* Gums bleed easily when brushing teeth or flossing.
* Halitosis (bad breath).
* Inflammation (swollen gums).
* Receding gums.
* Soft gums.

Diagnosing gingivitis
At Vistasol dental Montebello, our dentist, Dr. Noushin Adhami will check for gingivitis symptoms, such as plaque and tartar in the oral cavity.
Checking for signs of periodontitis may also be recommended; this may be done by X-ray or periodontal probing (an instrument that measures pocket depths around a tooth).

Treatment options for gingivitis
If the patient is diagnosed early on, and treatment is prompt and proper, gingivitis can be successfully reversed.
Treatment involves care by a dental professional, and follow-up procedures carried out by the patient at home.
Gingivitis care with a dental professional:
Teeth before scaling and 9 days after.
Plaque and tartar are removed. This is known as scaling. Some patients may find scaling uncomfortable, especially if tartar build-up is extensive, or the gums are very sensitive.
The dental professional explains to the patient the importance of oral hygiene, and how to effectively brush their teeth and floss.
Periodically, they may follow up on the patient, with more frequent cleanings if necessary.
It is also important to fix teeth so that oral hygiene can be done effectively.
Some dental problems, such as crooked teeth, badly fitted crowns or bridges, may make it harder to properly remove plaque and tartar (they may also irritate the gums).
What the patient can do at home:
* Brush teeth at least twice a day.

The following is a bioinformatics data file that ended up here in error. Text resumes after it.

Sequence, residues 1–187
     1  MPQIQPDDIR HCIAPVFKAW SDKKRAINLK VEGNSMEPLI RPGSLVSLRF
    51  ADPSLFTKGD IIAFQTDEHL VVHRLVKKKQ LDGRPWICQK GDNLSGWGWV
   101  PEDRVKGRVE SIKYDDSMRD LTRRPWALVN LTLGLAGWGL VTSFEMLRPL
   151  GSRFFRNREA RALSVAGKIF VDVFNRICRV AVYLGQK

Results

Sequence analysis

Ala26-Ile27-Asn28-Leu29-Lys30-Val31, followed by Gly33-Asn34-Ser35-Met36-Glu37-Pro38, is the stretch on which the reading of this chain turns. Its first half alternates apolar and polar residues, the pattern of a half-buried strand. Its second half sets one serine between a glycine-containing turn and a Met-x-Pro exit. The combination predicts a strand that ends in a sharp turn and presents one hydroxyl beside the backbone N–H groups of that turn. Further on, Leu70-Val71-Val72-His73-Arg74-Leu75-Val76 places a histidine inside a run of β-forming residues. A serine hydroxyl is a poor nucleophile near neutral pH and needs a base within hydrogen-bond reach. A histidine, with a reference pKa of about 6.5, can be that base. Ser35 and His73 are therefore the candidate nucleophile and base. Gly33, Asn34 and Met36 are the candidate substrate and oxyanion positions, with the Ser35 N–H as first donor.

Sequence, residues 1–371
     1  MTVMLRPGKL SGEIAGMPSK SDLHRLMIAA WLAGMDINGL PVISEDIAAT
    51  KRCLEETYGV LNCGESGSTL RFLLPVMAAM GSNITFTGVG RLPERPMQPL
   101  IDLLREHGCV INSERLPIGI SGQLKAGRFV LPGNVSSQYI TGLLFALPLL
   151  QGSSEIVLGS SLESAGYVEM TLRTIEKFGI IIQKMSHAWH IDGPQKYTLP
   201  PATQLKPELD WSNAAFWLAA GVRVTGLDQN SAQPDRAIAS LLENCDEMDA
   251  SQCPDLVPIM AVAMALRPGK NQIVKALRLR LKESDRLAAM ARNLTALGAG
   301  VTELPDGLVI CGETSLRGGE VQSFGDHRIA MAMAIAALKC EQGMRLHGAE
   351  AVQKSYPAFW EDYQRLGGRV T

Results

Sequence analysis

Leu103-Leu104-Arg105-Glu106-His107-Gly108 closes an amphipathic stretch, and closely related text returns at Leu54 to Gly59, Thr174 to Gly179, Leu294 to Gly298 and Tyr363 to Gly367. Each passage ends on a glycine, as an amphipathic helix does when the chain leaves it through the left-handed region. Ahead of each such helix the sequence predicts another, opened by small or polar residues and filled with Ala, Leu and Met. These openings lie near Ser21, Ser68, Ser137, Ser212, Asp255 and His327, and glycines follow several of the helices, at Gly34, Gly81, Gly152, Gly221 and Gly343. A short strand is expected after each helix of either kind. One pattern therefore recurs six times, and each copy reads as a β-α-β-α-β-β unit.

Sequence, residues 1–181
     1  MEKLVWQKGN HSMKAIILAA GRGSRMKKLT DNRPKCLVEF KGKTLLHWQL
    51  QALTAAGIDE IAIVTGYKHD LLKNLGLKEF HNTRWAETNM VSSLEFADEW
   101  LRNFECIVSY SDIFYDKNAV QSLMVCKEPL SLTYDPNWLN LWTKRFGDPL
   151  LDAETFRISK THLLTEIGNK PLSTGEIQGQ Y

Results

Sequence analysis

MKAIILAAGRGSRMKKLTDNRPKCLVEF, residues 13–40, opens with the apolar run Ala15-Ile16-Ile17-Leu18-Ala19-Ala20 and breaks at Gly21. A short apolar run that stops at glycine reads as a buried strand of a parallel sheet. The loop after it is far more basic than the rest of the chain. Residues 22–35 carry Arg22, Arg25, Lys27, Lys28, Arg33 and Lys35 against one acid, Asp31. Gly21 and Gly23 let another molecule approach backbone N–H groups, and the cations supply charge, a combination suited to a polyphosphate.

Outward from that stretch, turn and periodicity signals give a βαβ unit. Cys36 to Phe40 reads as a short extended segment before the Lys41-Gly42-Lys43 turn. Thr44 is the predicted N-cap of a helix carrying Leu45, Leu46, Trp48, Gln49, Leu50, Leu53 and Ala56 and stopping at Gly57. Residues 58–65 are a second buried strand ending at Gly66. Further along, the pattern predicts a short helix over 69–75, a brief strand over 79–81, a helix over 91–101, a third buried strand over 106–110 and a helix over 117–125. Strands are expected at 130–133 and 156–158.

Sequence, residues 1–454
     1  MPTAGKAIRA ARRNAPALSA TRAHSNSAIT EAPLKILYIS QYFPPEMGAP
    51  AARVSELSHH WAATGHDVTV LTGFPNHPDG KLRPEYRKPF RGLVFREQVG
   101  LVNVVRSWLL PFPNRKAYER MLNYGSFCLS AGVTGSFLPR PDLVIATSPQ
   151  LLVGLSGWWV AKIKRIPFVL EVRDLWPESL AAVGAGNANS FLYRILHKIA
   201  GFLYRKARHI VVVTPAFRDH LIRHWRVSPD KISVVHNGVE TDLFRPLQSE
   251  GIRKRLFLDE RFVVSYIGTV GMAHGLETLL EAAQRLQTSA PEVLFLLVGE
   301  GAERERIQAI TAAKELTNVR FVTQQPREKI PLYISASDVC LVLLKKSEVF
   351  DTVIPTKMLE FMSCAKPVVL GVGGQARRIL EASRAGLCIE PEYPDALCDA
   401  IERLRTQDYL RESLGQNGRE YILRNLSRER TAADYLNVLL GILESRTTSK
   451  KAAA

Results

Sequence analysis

* Bear in mind that in most cases, electric toothbrushes do a better job than we can do on our own.
* Floss teeth at least once a day.
* Regularly rinse mouth with an antiseptic mouthwash. Ask a dentist to recommend one.
*
Possible complications from gingivitis
In the vast majority of cases, if gingivitis is treated and the patient follows the dental health professional’s instructions, there are no complications. However, if the condition is left untreated, gum disease can spread and affect tissue, teeth, and bones, leading to periodontitis.
Complications can include:
* Abscess in the gingiva.
* Abscess in the jaw bones.
* Infection in the jaw bone or gingiva.
* Periodontitis – this is a more serious condition that can lead to loss of teeth due to bone loss.
* Recurrent gingivitis.
* Trench mouth – ulceration of the gums caused by bacterial infection.
Several studies have linked gum diseases, such as periodontitis, to cardiovascular diseases, including heart attack or stroke. Other reports have found an association with lung disease risk.

Dental Crown Restoration

A Dental Crown Restoration Might Be Necessary for Treating a Tooth with a Broken or Bad Dental Filli

The material used for your dental fillings will not be vulnerable to the acidic and bacterial effects of tooth decay. However, it is still possible for these forces to gradually weaken the bond between an older dental filling and the adjacent tooth enamel.
As this starts to happen the tooth might become increasingly sensitive, or experience a change in texture and color. In the case of a large dental filling that’s failing, there simply might not be enough healthy tooth enamel remaining to apply a new dental filling.
In a case like this, Dr. Noushin Adhami at Vistasol Dental might recommend restoring the tooth with dental crown. This mode of treatment will completely replace the tooth’s enamel layer with another material such as Porcelain ceramic.
This treatment process involves Dr. Adhami numbing the tooth before using a dental hand piece to remove the dental filling and any remaining tooth enamel. This will leave a small portion of tooth for crown base or she may need to apply a device which is known as an abutment. It will eventually anchor your dental crown in your mouth.